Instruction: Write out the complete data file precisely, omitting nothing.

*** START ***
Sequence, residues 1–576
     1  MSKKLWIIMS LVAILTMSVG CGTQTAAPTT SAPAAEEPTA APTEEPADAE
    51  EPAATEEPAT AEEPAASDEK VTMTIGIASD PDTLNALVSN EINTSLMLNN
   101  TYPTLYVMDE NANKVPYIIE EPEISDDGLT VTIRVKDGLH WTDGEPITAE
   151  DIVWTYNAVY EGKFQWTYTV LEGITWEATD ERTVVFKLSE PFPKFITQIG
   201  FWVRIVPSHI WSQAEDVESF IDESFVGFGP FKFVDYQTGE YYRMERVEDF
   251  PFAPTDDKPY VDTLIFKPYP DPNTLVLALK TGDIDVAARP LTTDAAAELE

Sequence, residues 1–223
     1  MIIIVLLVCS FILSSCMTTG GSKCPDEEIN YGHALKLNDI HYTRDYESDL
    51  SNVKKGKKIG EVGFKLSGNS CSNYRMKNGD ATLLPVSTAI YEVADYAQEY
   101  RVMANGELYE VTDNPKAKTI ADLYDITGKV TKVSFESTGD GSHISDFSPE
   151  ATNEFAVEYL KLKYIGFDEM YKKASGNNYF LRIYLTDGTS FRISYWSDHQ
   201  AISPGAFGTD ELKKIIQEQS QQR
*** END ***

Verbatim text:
Sequence, residues 1–576
     1  MSKKLWIIMS LVAILTMSVG CGTQTAAPTT SAPAAEEPTA APTEEPADAE
    51  EPAATEEPAT AEEPAASDEK VTMTIGIASD PDTLNALVSN EINTSLMLNN
   101  TYPTLYVMDE NANKVPYIIE EPEISDDGLT VTIRVKDGLH WTDGEPITAE
   151  DIVWTYNAVY EGKFQWTYTV LEGITWEATD ERTVVFKLSE PFPKFITQIG
   201  FWVRIVPSHI WSQAEDVESF IDESFVGFGP FKFVDYQTGE YYRMERVEDF
   251  PFAPTDDKPY VDTLIFKPYP DPNTLVLALK TGDIDVAARP LTTDAAAELE

Sequence, residues 1–223
     1  MIIIVLLVCS FILSSCMTTG GSKCPDEEIN YGHALKLNDI HYTRDYESDL
    51  SNVKKGKKIG EVGFKLSGNS CSNYRMKNGD ATLLPVSTAI YEVADYAQEY
   101  RVMANGELYE VTDNPKAKTI ADLYDITGKV TKVSFESTGD GSHISDFSPE
   151  ATNEFAVEYL KLKYIGFDEM YKKASGNNYF LRIYLTDGTS FRISYWSDHQ
   201  AISPGAFGTD ELKKIIQEQS QQR